What role can satellite data play in biodiversity conservation and water management? That was the central question at the E-shape solutions workshop held Feb. 14 and 15 at NSO in The Hague. The lively meeting was organized by NSO, in close cooperation with Eurisy and attended by over seventy people.
The two-day event in The Hague is part of the international series of workshops designed to promote the use of satellite data. Of the various sustainability goals the E-shape proje
ct serves, this time biodiversity and water took center stage. 'These are still very broad topics,' said Coco Antonissen of the NSO. 'The workshop was meant to elaborate on them and explore how satellite information can contribute to solutions. Because of the diverse audience, a mix of people from government, science and business, that worked out well.'
Harm van de Wetering, director of NSO, set the tone in his opening remarks. He emphasized that meaningful satellite applications arise when developers of services and end users work together from the beginning. This is what happened during the workshop. Concrete questions came from the Ministry of LNV and the Delta Committee, among others. ESA and NSO presented financing possibilities to get innovative applications off the ground.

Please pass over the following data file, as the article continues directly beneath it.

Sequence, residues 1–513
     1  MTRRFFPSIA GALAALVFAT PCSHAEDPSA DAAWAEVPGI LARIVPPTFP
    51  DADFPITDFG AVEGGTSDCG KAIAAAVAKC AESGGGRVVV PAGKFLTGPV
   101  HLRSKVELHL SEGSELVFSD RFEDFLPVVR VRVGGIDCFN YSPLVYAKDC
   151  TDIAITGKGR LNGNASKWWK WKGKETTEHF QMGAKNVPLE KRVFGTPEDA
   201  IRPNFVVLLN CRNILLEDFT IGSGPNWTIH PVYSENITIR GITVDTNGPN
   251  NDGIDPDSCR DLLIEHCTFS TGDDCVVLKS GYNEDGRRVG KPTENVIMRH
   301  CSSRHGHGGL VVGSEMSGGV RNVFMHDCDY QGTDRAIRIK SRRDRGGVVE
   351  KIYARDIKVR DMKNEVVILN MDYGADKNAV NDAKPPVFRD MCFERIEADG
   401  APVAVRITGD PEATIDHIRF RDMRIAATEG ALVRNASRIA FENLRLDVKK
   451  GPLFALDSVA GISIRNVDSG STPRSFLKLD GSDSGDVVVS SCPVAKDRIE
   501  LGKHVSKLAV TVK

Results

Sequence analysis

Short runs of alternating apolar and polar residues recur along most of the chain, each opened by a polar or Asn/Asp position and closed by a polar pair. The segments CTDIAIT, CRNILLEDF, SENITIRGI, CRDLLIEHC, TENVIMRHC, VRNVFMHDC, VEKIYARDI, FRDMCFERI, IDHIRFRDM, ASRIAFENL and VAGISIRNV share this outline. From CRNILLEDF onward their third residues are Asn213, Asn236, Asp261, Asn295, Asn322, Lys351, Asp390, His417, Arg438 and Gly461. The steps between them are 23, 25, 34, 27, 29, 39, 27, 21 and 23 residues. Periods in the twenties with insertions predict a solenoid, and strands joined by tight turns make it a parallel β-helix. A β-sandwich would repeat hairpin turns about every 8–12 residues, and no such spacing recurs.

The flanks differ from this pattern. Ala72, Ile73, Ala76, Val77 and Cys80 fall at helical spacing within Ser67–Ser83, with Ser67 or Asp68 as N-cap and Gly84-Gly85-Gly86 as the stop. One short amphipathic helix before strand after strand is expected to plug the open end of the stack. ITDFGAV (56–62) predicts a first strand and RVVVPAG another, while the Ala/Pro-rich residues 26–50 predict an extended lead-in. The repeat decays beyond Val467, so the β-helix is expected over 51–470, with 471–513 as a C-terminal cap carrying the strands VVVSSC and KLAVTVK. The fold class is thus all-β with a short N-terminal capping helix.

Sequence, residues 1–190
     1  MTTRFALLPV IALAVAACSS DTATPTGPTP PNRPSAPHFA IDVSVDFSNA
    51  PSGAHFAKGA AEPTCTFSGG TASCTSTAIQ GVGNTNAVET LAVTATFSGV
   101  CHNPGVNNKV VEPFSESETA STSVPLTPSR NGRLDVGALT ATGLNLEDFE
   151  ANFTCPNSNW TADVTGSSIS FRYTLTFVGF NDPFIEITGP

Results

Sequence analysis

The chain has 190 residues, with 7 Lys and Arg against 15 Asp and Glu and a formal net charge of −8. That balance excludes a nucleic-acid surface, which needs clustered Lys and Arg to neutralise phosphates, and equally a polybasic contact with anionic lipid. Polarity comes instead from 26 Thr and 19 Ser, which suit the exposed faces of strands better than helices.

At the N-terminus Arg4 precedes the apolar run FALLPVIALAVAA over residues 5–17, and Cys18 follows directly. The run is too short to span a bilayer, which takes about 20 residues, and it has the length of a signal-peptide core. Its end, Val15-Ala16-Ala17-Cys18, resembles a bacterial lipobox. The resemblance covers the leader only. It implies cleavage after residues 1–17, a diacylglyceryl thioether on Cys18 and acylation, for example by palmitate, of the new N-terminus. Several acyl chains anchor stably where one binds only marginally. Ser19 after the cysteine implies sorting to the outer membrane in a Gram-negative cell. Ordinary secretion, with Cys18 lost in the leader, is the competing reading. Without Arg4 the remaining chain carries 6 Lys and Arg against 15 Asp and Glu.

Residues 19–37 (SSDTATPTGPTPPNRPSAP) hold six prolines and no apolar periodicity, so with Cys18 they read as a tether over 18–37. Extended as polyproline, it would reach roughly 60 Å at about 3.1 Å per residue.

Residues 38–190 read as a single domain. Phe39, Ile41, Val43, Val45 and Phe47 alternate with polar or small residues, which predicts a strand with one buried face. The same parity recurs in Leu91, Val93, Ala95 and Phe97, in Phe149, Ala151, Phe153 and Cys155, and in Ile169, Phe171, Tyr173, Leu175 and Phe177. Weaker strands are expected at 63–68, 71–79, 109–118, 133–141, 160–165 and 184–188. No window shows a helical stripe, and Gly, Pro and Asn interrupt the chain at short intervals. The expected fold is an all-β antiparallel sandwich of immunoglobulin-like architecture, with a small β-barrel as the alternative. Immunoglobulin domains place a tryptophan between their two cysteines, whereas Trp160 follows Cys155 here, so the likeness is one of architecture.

Then the group went into depth with various presentations. For example, the Dutch company Water Insight showed how it is researching the water quality of the Lauwersmeer with the Noorderzijlvest Water Board. Wageningen University and Deltares presented a model that detects changes in land cover, from which you can in turn deduce the consequences for biodiversity. Satellite data play a crucial role in both projects.
Satellites in policy
Despite a full program, there was ample opportunity for participants to exchange views on the potential of satellite data. 'A substantive conversation really emerged,' Antonissen said. 'That led to inspiration. In the near future, NSO, together with all stakeholders, will explore how earth observation satellites can make a meaningful contribution to societal challenges that are very relevant to the Netherlands.'
Annalisa Donati, secretary general of Eurisy, also looks back on a successful meeting: 'The Netherlands is one of the most active countries when it comes to the development of innovative satellite applications. But even here there is still room for improvement. My conclusion based on the workshop is that you cannot recognize the benefits of satellite data early enough. Ideally, the value of satellite information should already be named in government policy.
Eurisy is a non-governmental organization dedicated to promoting the use of satellite data in Europe and beyond. NSO is a member of Eurisy and is represented in its council. Both organizations share the same objective: to promote the use of space for society.